Sunday, June 13, 2010

Slow Down Government, Part I: State Reform

Congressional reform is a perfect starting point for the Lysander Spooner Institute's efforts to reduce the size and scope of government at all levels. Right now, it is simply too easy for legislators to pass massive bills that spend and regulate us without limitation or accountability. By putting more limitations on the way our federal and state legislatures do business, we can slow down the expansion of government. This post is Part I of a two-part series on legislative reform. Today, we'll address reform of state assemblies, using Pennsylvania as an example. Part II will discuss reform of Congress at the federal level.

Pennsylvania has one of the largest state assemblies in the country with 253 members. This has led many advocates of smaller to government to consider shrinking the size of the state's over-staffed, over-priced legislature. Research by Penssylvania's Commonwealth Foundation has found that reducing the number of legislators does not substantially change the cost, effectiveness, or accountability of the assembly.

The problem in Pennsylvania is not the number of legislators, but how they legislate. The Pennsylvania assembly legislates full time. They are literally professional politicians, making a salary of $78,314. This lucrative establishment has helped earn Pennsylvania the Department of Justice's ranking of the 11th most corrupt state in America. Nathan Benefield of the Commonwealth Foundation reports,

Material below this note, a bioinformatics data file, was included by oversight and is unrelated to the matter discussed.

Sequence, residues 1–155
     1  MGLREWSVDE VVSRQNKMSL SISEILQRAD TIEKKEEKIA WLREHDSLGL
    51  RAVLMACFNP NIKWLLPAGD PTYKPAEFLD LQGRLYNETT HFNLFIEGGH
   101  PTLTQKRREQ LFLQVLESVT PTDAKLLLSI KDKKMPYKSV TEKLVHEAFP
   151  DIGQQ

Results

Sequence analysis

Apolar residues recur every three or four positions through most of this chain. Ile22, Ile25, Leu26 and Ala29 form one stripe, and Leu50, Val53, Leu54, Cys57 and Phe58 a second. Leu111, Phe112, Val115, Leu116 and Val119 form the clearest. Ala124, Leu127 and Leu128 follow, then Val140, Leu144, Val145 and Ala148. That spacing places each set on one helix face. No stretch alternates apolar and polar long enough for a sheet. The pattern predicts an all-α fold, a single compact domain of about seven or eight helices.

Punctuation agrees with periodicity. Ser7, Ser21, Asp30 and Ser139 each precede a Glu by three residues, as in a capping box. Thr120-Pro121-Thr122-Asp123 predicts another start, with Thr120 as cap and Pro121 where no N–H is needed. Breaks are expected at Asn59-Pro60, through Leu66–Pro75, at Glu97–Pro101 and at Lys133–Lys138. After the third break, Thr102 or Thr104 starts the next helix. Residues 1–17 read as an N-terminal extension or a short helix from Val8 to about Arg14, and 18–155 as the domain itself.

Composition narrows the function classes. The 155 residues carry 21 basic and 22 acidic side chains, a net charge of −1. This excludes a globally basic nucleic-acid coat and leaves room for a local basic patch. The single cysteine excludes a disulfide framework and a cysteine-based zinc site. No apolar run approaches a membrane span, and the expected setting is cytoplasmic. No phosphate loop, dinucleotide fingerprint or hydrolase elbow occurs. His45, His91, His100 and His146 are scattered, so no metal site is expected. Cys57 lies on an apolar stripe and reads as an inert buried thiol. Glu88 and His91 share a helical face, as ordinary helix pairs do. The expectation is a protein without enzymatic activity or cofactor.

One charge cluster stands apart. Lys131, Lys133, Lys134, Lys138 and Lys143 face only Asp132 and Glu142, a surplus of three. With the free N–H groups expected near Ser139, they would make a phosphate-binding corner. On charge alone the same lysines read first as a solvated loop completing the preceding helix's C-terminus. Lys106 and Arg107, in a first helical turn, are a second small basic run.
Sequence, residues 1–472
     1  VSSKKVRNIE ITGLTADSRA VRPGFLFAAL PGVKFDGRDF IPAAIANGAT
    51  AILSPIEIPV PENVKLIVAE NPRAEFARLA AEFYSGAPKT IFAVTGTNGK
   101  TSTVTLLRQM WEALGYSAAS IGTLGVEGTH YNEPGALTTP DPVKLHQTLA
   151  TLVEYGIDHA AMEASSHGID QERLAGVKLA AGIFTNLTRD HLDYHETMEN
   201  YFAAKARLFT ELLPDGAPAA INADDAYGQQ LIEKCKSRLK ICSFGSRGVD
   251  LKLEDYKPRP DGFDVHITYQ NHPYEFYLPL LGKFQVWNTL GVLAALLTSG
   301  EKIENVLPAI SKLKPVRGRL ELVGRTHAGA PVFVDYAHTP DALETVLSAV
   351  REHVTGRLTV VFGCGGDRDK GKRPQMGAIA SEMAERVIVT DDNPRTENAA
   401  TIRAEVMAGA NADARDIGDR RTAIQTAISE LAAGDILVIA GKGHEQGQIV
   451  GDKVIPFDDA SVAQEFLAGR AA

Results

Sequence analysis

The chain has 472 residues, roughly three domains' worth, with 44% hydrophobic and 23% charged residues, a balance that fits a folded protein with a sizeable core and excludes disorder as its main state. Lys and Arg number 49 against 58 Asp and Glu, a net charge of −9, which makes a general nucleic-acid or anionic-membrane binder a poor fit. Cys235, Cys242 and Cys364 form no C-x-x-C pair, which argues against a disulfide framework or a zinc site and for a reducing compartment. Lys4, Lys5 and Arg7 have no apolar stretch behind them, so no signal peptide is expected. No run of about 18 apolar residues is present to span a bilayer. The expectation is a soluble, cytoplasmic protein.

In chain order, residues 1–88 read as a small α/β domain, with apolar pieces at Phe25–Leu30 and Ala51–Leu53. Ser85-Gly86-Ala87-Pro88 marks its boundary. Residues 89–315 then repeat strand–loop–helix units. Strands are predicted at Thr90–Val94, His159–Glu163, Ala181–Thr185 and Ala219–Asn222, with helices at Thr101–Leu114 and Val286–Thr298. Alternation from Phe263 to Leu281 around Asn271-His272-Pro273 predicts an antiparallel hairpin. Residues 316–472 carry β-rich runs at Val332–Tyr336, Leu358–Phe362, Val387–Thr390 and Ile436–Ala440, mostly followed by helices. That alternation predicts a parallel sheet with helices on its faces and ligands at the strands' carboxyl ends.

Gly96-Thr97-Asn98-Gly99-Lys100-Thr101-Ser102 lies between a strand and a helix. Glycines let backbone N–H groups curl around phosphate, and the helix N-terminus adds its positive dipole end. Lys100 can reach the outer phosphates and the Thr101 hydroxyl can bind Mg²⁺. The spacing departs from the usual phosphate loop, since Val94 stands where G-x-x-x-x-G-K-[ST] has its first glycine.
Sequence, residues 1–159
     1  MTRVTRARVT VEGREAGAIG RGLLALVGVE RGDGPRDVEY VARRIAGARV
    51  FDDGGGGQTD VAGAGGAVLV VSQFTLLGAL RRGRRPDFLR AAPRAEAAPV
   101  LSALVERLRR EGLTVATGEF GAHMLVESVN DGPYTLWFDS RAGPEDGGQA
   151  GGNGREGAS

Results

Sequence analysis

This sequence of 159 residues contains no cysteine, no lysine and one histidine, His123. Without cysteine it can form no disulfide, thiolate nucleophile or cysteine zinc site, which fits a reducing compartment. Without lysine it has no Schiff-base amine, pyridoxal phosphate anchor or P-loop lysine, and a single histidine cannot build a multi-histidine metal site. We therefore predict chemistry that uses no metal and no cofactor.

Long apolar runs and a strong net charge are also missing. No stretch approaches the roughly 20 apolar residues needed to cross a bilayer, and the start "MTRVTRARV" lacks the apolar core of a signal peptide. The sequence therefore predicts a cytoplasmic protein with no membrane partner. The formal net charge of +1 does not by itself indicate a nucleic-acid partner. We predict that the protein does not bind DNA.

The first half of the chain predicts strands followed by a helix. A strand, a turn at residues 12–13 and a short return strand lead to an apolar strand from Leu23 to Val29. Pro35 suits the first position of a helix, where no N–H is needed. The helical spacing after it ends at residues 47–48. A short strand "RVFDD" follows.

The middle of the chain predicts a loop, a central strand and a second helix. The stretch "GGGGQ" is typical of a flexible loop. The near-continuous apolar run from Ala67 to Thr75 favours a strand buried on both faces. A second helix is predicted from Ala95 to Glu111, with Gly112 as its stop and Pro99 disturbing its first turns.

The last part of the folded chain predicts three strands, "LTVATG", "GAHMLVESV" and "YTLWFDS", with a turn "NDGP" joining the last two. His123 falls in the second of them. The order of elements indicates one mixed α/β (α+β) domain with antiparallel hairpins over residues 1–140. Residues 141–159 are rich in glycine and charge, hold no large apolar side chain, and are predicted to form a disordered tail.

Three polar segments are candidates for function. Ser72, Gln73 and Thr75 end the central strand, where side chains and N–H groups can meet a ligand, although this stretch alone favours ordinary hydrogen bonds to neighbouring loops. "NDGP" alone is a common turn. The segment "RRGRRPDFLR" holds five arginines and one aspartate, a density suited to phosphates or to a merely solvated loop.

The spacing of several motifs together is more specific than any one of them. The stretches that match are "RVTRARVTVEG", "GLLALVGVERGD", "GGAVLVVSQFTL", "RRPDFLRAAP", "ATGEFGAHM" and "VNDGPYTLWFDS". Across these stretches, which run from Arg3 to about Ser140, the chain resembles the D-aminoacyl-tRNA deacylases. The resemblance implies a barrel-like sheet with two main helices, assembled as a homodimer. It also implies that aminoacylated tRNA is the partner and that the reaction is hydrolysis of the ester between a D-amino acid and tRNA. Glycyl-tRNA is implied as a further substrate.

While the cost of the General Assembly has skyrocketed, Pennsylvania's economy has remained stagnant. For the period 1991-2009, the Keystone State ranked: 43rd in job growth, 48th in personal income growth, and 47th in population growth. In 1977, with a part-time legislature, the Commonwealth had the 22nd heaviest tax burden; today, Pennsylvania ranks 11th in state and local tax burden per capita and 45th in economic freedom.
A Commonwealth Foundation analysis found that "each increase in the level of professionalization [of legislators] results in an estimated $441 increase in spending per person, and a 0.4% increase in taxes as a percentage of income. Benefield compares PA to Texas, which has a part-time assembly that meets 140 days over a two-year term. The Texas assembly passes more bills (probably smaller, easier-to-read bills) and maintains better job growth than Pennsylvania's "professionals."

As a starting point for downsizing state-level government, lets put an end to "professional" state assemblies and go back to the republican system of representative assemblies.

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